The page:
“They killed him.” He muttered in a cold monotone. “I saw the whole goddamned thing. They drove right up and shot him in the face. This is his blood all over me. They shot him right in the face. Drove up and plucked him right off the street. My name is Darrin. Darrin Scott.”
And he fell into the officer’s arms.
**Song lyrics are Farmhouse by Phish**
Maybe I’ll just stop the car right here in the middle of this fucking interstate. Just slam on the brakes, lay the seat back, cross my arms over my chest, lie back and wait. All of this seems like a splendid idea until I get to the “wait” part. What am I waiting for? Am I waiting for you to notice me? Am I waiting for me to give up on you? Maybe I’m waiting for a big airplane, flying at 35,000 feet, to lose control of it’s luggage door and inadvertently spill out a custom made Louis Vuitton leather tote; which, after tumbling 35,000 feet, lands squarely on the roof of my car, hopefully tearing it like gravel through wet toilet paper and impaling me like a Martini olive? Maybe? One can only hope. Either way, goddamnit, I’m going to slam on the brakes and stop this car right here in the middle of traffic. I really don’t care. I stopped caring ages ago. Or maybe I started caring ages ago and you stopped. Either way, this is one fine and dandy cotton candy mess you rolled us up into now.
I feel like a few fringe tobacco leaves hanging out of that nasty cigarette in your mouth; about to be burned. Burned to crisp. Burned so that you can shake the shakes bitch. I can see your hands trembling. Greasy fingernails and all. Maybe if I slam on the brakes hard enough you’ll swallow that weed. Choke on the ashes. Maybe you’ll hit your forehead on the dashboard and snap out of it. Or you might get knocked crazy. I think you’re going crazy already to be totally honest. I don’t mean “gimme another hit of Prozac, Doc” crazy. No. I’m talking rip off your clothes and run up the hillside by the highway naked and squat down in a patch of moss and throw your own shit at passing cars kind of crazy. Oh, I’m the crazy one?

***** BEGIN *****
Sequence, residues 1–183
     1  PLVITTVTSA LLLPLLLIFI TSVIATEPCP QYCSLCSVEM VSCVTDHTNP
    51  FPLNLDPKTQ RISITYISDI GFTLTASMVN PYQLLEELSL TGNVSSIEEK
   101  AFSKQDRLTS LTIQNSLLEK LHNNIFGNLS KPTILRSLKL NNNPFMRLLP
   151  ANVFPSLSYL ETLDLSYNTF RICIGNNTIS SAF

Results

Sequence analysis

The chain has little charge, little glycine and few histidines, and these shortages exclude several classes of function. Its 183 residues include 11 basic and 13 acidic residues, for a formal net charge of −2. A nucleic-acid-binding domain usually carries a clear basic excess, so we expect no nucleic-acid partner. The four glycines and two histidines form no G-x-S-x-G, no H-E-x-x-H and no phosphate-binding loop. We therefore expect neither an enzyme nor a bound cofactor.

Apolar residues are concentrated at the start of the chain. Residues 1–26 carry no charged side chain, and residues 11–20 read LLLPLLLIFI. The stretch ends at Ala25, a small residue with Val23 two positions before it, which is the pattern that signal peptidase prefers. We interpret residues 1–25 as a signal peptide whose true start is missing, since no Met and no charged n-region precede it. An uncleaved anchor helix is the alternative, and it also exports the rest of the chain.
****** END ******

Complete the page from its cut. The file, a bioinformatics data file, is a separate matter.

Sometimes I see big black spots you know. I’ll be walking around town or bending over to pick up a penny off the sidewalk and BAM! Dots. Big, black slimy blotchy dots. Looks like I’m staring at the world through a piece of Swiss cheese. And you know, after spending all these years with you, I feel like Swiss cheese. I feel like a big, dumb, gullible hunk of Swiss cheese. Ever get a hankerin’ for a hunk o’ cheese? When your ten-gallon hat is feelin’ five gallons flat? Yeah, like that. Why are you laughing at me? I’m dead serious. I’m gonna stop this fucking car right here in the middle of the street. I don’t care. Well I know it’s stupid and pointless, just like the rest of my life. But.
You know, it’s been so long since I’ve heard you laugh. Why do you have to be such an ass? Sometimes I don’t see your face; I see this big hairy ass sitting on your shoulders. Ever seen an ass smile? It’s really disgusting. And that’s not funny. I’m serious. If that luggage doesn’t flatten me soon, you’ll be laughing your way to a fucking nudist funny farm. I’ve already ordered you a nice white butterfly net. Did you know your eyes literally sparkle when you laugh? They do. Like diamonds. Of course sometimes, they look like they’ve been glued to a big hairy, smiling ass. I’m crazy? Yeah, well, maybe I am.